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[12] We tried several plans, but could not succeed. One was to tear off some plank at the rear of the building where they had been nailed up to the window, then lay them over on to the fence near by, and get into a lot. We worked at it several nights until we were detected, and had to abandon it. But not in the least discouraged we went at something else. After examining the house all through we could find no place but what was closely guarded. So we came to the conclusion that the only way left was to go out at the door past the guard; and as there had been several of the rebs in cleaning up the house, or rather having it done, we thought it a good time. Without saying anything to the boys as to what we were about to undertake for fear we might not be successful, as they had been making sport at our not having succeeded before, we went down to the lower floor to get ready for the trial of our new plan. Whichever got out first was to go to a small hill, about three squares from the prison, and wait for the other. Just about dusk, I got a rebel suit from one of our boys, without much trouble. My partner had got his a few days before. After rigging ourselves in rebel costume, I told my comrade that we would wait till after the relief came on at seven o'clock before going out, and in the mean time look around for a little sport.

Well, we walked round through the house, and all the boys took us to be rebels, which was just what we wanted. One of them took me to one side, and wanted me to try to get him out of the ,prison; he said that he had been conscripted, and did not want to fight against the South, had never been in a battle, nor fired a gun at the Southern people. I told him that I would see about it, and left him. Some of the boys wanted us to bring them in some bread. I told them that the guard would not let us trade with them, but I would try to get some if he would let me bring it in. Seven o'clock came, and I started out, passed the first guard without saying a word, came to the one on the street; he halted me, and asked where I belonged; I told him I was Police Sergeant, and had been in having the prisoners clean up the house. He did not like to let me pass, but I finally got off, and went directly to the place agreed upon for us to meet. Getting up on the bank, I concealed myself where I could see down the street.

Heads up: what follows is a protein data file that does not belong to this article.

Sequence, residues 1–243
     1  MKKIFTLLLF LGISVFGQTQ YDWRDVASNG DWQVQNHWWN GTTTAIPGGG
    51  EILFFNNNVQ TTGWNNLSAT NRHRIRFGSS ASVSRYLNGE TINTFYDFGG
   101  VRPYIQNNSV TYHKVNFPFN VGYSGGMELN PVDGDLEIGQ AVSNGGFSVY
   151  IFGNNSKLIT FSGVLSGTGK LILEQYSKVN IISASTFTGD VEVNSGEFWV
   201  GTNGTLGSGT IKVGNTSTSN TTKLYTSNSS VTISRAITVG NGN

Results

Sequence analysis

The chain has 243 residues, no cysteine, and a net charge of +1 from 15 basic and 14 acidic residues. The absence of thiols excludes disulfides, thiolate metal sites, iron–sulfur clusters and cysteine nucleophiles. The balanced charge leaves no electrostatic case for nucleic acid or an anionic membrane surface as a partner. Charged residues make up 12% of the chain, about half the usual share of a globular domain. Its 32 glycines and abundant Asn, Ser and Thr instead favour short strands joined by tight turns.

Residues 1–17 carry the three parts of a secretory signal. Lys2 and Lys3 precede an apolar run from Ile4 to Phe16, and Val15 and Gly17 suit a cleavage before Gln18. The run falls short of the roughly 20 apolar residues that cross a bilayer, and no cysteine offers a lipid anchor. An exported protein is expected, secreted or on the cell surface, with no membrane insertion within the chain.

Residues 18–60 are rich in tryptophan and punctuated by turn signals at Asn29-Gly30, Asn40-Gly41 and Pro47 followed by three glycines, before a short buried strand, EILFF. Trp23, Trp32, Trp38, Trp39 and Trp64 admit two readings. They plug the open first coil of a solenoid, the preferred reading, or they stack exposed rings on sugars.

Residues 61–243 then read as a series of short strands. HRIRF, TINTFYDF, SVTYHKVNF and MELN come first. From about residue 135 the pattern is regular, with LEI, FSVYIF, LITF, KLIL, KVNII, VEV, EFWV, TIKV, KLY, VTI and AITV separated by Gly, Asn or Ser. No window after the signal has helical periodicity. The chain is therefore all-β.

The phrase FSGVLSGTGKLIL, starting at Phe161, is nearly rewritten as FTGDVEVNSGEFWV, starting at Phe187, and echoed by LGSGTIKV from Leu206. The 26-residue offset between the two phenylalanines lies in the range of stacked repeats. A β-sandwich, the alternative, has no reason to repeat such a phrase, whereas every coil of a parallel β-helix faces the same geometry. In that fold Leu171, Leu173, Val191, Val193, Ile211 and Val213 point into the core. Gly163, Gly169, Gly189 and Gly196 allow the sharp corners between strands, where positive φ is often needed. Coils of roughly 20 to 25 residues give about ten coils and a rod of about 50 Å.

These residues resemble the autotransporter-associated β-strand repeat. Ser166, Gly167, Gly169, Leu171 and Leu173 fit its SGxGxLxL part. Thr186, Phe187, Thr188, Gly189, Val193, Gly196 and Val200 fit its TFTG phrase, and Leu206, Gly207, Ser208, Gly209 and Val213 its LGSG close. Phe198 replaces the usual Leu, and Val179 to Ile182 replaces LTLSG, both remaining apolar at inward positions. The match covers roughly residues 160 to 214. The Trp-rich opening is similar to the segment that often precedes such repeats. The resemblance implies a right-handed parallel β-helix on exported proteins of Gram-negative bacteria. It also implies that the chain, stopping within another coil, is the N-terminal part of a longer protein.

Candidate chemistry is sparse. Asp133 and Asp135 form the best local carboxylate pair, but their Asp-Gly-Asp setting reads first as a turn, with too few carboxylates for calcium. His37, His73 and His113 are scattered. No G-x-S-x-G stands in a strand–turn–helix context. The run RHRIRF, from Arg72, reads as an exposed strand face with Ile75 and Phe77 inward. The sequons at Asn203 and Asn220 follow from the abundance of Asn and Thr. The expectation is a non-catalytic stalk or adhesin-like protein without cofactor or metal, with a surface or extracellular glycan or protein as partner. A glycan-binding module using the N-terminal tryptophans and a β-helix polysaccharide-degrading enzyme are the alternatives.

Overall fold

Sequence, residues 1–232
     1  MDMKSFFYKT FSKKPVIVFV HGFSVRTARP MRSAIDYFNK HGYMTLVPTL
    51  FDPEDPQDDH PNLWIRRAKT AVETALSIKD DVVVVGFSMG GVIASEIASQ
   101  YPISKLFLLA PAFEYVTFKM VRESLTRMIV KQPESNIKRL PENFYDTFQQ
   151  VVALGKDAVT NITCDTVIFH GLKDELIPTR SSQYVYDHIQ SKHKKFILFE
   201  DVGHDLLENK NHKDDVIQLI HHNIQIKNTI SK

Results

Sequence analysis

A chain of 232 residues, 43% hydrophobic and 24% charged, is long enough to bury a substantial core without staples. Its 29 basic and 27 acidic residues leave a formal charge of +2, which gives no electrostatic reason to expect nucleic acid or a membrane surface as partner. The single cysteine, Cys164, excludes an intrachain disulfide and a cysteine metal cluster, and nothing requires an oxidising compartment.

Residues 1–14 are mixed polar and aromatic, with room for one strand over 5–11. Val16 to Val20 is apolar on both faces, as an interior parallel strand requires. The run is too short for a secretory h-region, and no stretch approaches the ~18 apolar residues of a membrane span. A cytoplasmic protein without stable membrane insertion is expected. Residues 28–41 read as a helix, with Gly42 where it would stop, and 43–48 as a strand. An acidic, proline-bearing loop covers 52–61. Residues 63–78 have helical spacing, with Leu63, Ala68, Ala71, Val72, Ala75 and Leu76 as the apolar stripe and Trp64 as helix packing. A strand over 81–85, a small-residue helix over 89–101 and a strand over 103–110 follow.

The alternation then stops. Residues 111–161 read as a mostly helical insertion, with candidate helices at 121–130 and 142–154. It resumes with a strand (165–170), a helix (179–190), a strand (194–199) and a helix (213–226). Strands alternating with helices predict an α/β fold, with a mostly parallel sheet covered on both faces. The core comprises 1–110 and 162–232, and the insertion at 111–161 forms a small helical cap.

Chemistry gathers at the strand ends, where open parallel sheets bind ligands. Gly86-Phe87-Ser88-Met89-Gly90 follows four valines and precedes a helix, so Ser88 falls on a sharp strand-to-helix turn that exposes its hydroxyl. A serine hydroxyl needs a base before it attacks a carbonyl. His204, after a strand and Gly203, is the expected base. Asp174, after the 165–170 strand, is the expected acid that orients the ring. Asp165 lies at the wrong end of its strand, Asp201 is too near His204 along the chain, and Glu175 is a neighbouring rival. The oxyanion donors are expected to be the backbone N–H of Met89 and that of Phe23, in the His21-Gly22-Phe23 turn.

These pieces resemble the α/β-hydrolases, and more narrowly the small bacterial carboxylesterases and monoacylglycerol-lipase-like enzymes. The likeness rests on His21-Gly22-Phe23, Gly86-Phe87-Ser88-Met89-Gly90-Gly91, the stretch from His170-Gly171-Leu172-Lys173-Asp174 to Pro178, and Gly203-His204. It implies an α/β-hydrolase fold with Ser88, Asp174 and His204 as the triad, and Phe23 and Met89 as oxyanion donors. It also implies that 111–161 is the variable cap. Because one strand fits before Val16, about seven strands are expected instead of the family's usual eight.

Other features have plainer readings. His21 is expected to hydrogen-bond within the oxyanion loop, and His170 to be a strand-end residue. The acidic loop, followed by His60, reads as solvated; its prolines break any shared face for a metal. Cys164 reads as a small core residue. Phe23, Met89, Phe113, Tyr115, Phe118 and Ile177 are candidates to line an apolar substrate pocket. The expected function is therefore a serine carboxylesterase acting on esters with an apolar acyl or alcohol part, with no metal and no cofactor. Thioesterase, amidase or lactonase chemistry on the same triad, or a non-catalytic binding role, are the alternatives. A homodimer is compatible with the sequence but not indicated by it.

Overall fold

When my partner started, the guard would not let him pass; so he had to go back into the house. But he was determined on being out; so he got the boys to attract the guard's attention at the window, and he went back to where some boards had been taken off, and where the guard had been stationed, and crawled out and got away safe. He came directly to where I had been waiting an hour and a half, and was nearly frozen. I will not attempt to describe our feelings at once more finding ourselves free, at least for the present. But we still had dangers to encounter, being in a strange country, without a guide, and our enemies all around us. But we were resolved to push ahead as best we could; so, shaping our course in an eastern direction, we struck out, guided by the stars. We crossed the fields and woods till we came to the fortifications, which were not very formidable. These we passed very cautiously. Coming to a house we tried to rouse the inmates, which we supposed to be negroes, but we could not get them to answer us, and we started on. We soon came to a road which ran in the right direction, and we followed it till about two o'clock, when we got so tired, and being so weak, that we had to stop and rest. Going into an old stable, we lay down; but it was too cold for us there. So we got up and went to a house close by, and found an old crippled negro by herself. We went in and warmed, and remained till daylight. Then we found we had travelled ten miles during the night, and were on the right road. This we followed all day, occasionally meeting some citizens and some few soldiers. But being dressed in rebel clothes, they did not molest us. At noon we stopped at a small cabin to get something to eat, and found a woman whose husband was in the army. Here we got some bread and milk, and learned a great deal about the road. We came to the Chickahominy River, twenty miles from Richmond. This we crossed on some logs where the long bridges had been, but were destroyed at the time McClellan advanced on Richmond.